Fri., May. 27, 2016
Mon., May. 16, 2016
Fri., May. 13, 2016
Thu., May. 12, 2016
Tue., May. 10, 2016
Fri., May. 6, 2016
Wed., May. 4, 2016
The question was posed on this morning’s IU sports chat as to why people were having such a negative reaction to Cody Zeller’s season. That prompted me to take a look using both traditional statistics and efficiency statistics to determine how Zeller’s current season stacks up against his freshman campaign.
Here’s a look at how Zeller’s per game numbers stack up courtesy of www.sports-reference.com.
As you can see, his field goals made and attempted are unchanged, with a slight increase at the free-throw line responsible for the 0.8 increase in points per game. He’s rebounding a little better and fouling a little less, while steals, blocks, assists and turnovers are virtually the same.
Now, more interesting (I think) are looking at Cody Zeller’s numbers in terms of efficiency. According to these numbers, Zeller’s player efficiency rating (PER) is up from 31.3 to 33.7. At the same time, his total rebound percentage (TRB) is up from 14.2 to 16.7.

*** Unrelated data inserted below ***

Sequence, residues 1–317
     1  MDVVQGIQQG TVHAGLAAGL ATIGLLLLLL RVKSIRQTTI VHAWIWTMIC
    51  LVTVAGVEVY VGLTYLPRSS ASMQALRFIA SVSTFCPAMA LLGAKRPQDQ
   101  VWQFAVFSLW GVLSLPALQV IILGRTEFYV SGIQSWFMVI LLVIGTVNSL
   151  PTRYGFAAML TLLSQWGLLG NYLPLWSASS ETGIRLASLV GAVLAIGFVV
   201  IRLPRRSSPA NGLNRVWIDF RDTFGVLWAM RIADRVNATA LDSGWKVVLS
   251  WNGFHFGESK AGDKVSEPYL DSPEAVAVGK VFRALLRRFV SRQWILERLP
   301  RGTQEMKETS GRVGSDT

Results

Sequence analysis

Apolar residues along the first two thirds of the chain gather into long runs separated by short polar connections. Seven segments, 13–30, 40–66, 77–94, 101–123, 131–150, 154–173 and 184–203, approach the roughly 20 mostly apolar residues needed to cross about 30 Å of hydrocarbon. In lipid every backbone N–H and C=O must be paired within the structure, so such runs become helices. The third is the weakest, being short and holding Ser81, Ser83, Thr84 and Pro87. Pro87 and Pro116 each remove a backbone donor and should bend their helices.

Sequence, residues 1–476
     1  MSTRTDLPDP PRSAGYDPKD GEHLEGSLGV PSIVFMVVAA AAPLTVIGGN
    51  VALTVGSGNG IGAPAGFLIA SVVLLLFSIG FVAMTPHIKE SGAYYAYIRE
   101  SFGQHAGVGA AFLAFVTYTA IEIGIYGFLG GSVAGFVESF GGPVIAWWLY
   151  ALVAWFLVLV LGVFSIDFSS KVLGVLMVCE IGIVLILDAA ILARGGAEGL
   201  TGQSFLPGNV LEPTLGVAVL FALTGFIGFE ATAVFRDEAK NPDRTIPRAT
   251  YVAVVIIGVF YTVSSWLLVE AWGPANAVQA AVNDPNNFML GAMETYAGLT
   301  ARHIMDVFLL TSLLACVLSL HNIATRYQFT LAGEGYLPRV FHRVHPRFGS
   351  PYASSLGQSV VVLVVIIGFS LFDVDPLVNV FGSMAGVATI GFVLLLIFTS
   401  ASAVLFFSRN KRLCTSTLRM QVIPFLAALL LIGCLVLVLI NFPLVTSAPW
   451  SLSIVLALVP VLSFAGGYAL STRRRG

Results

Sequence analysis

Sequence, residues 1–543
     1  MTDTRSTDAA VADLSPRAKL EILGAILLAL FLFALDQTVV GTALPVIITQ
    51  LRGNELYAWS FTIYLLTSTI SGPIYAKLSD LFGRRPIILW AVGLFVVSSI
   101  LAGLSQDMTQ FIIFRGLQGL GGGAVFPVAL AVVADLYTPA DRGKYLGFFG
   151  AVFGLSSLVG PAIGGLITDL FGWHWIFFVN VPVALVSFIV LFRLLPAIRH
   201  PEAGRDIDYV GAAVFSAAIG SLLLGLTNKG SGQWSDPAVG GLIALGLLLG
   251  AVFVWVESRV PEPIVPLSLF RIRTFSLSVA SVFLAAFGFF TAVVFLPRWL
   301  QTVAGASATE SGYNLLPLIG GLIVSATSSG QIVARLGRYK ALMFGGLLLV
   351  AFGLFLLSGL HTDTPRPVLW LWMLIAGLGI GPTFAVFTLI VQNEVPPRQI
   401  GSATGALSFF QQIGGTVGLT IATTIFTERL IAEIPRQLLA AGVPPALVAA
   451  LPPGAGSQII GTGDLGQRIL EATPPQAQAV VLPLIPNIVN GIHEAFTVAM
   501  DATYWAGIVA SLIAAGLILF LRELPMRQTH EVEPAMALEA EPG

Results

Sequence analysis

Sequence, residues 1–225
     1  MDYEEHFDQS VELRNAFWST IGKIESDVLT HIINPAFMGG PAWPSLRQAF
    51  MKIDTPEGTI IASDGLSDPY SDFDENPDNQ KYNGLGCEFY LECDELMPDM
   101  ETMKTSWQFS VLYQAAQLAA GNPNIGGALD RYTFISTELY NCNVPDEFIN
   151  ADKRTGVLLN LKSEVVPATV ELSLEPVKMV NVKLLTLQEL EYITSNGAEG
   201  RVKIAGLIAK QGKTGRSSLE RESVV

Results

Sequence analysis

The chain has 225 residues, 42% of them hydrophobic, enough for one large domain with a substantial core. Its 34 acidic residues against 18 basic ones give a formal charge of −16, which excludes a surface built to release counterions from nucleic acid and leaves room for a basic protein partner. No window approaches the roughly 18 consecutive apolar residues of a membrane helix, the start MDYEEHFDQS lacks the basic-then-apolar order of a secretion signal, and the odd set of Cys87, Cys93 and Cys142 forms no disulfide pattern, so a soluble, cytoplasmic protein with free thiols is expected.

One of the more interesting lines to me is the usage percentage (USG), which is an estimate of the percentage of team plays used by the player when he was on the floor. Last year, the number was 24.3 percent. This year, even though it’s 12 games against mostly inferior competition, the percentage is slightly down to 24.1.
The usage percentage is followed by ratings for offense (ORtg) and defense (DRtg), an estimate of points scored and allowed per 100 possessions. Zeller is providing seven points more on offense and 15 points less on defense. And then there are win shares (WS), roughly the equivalent of wins above replacement (WAR) in baseball sabermetrics. Zeller was responsible for 7.7 wins in 36 games last season. He is responsible for 3.3 wins through 12 games this season. Triple that number for a full season, and you’ve got 9.9 wins for a full 36 games.
So, in the end, is Zeller better than last year? If better is more efficient, then yes. And at the same time, if anything, the Hoosiers have been less reliant (which corresponds to the team depth) on the sophomore. Whether those trends carry over to Big Ten play, we’ll find out starting Monday.
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